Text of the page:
The Pap test is used to identify women that might be at risk of cervical cancer (cervical cancer screening). The test has saved many lives because this type of cancer can be treated effectively if found early. A virus called the human papillomavirus (HPV) causes most cervical cancers. Knowing this, healthcare providers often use an HPV test together with a Pap test. This approach is called “co-testing” and is used to screen for cervical cancer mostly in women 30 to 65 years of age.
Why Screening for Cervical Cancer is Important
Cancer of the cervix, the lowest part of the uterus (womb), used to be the leading cause of cancer death in women in the United States. However, in the 1940s healthcare providers started using the Pap test. Since screening using the Pap test began, more at-risk women are found early on and fewer get cervical cancer.1,2 But not all women get the Pap test regularly, and about half of all cervical cancers happen in women who have never been tested.3
Screening for Cervical Cancer
Healthcare providers use screening to detect cervical cancer in women who have no signs of it. It can take many years for cells infected with HPV to develop into cervical cancer. Fortunately, Pap and HPV tests work together to detect abnormal changes as soon as possible. The Pap test can find abnormal cells.7 When they are found, healthcare providers can make sure the patient receives the right care and treatment.7 If the cells look like they might become cancerous, they may be able to be removed.
The HPV test shows if your cells are infected with the HPV virus. Most of the time, your body will eventually clear the HPV by itself. But your healthcare provider will likely want to retest you at another time, just to make sure.
Cervical Cancer Screening Recommendations
Screening recommendations depend on your age:
- If you are a woman 21 to 29 years old, a Pap test alone is recommended every 3 years.4,7 In this age group, about 9 out of 10 HPV infections go away by themselves.6 The risk for cervical cancer is very low in this group.
- If you are a woman 30 to 65 years old, co-testing that includes both an HPV test and a Pap test done at the same time is recommended every 5 years. In fact, co-testing is the preferred screening method for this age group according to some guidelines.7 That’s because fewer HPV infections go away by themselves in these women, and the risk of cancer is higher.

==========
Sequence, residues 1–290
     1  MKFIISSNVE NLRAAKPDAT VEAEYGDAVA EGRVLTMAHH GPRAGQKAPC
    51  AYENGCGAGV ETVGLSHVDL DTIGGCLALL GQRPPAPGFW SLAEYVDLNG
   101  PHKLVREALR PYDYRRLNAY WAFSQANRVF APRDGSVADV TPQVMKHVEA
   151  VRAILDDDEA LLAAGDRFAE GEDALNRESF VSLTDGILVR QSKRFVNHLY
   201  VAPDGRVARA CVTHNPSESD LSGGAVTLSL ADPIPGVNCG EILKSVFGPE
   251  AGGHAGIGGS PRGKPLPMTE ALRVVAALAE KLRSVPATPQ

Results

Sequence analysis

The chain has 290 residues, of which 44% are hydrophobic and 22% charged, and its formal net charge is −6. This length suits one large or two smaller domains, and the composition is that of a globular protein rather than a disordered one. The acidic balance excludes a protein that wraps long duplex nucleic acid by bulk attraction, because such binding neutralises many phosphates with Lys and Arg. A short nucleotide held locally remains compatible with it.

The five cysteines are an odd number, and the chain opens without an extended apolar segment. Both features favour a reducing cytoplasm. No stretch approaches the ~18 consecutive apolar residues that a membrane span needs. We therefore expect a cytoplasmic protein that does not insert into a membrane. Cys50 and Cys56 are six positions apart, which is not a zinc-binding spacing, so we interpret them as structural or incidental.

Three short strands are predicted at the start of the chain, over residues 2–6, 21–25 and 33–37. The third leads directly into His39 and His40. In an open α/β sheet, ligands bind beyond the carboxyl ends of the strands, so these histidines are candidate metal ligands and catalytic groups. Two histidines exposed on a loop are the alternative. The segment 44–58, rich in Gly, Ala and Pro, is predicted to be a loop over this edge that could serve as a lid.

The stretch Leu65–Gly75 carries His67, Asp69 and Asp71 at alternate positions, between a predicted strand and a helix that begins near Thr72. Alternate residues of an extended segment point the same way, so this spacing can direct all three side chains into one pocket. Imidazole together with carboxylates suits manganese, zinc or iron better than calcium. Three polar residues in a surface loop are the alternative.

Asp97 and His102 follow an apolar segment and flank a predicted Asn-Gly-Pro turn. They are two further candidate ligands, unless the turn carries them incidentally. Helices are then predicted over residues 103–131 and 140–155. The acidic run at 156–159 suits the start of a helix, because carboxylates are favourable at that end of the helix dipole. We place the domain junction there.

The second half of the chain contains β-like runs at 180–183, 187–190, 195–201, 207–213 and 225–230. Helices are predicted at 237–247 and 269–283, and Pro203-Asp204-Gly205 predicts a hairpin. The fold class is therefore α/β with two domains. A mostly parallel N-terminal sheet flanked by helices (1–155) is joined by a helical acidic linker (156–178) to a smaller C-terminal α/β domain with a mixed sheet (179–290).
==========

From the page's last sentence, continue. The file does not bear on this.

Co-testing helps to4
- Detect abnormal precancerous cells earlier than Pap testing alone
- Detect some types of cervical cancer that are not detected by the Pap test alone
- Possibly decrease the frequency of screening needed
What You Can Do
If you are a woman 21 to 65 years old, regular testing should be part of your personal healthcare. Talk with your healthcare provider about what kind of cervical cancer screening is best for you, and how often you should be tested. Remember, cervical cancer testing isn’t recommended every year. But it is important that you still get a well-woman exam each year, which may include a variety of tests, evaluations, and counseling. A yearly checkup gives your healthcare provider a chance to evaluate your overall health and can help uncover any health problems early on.
If you are over 65 and have had recent cervical cancer screening tests that were negative, talk with your healthcare provider about whether or not you should continue testing.
If you are 26 years or younger and have not had an HPV vaccine yet, talk to your healthcare provider about getting vaccinated.
A vaccine is available in the United States that helps protect against the HPV high-risk types that cause cancer. HPV vaccination can lower your risk of cervical cancer. The vaccine also helps protect against types that cause genital warts.8 The vaccine is recommended for males and females ages 9 to 26 years old. Males can be infected and not know it. If they are infected, they can pass the infection to women through sex. Vaccinating males also helps protect women.
How the Laboratory Can Help
When it is time to be screened, your healthcare provider will collect some cells from your cervix. This specimen is then sent to the laboratory for testing. The laboratory can do both Pap and HPV tests. The laboratory can also test for other sexually transmitted diseases if your healthcare provider thinks this is necessary.
You can find more information on cervical cancer screening here.
- Tambouret RH. The evolution of the Papanicolaou smear. Clin Obstet Gynecol. 2013;56:3-9.
- Cervical cancer statistics. Centers for Disease Control and Prevention website. Updated June 12, 2018. Accessed October 18, 2018. https://www.cdc.gov/cancer/cervical/statistics/
- American College of Obstetricians and Gynecologists. Practice Bulletin No. 140: management of abnormal cervical cancer screening test results and cervical cancer precursors. Obstet Gynecol. 2013;122:1338-1367.
- Genital HPV infection-fact sheet. Centers for Disease Control and Prevention website. Updated November 16, 2017. Accessed October 18, 2018. https://www.cdc.gov/std/hpv/stdfact-hpv.htm
- McGraw SL, Ferrante JM. Update on prevention and screening of cervical cancer. World J Clin Oncol. 2014;5:744-752.
- Rodríguez AC, Schiffman M, Herrero R, et al. Rapid clearance of human papillomavirus and implications for clinical focus on persistent infections. J Natl Cancer Inst. 2008;100:513-517.
- Committee on Practice Bulletins— Gynecology. Practice bulletin no. 168: cervical cancer screening and prevention. Obstet Gynecol. 2016;128:e111-e130.
- Gardasil 9 [package insert]. Whitehouse Station, NJ: Merck Sharp & Dohme Corp; 2016.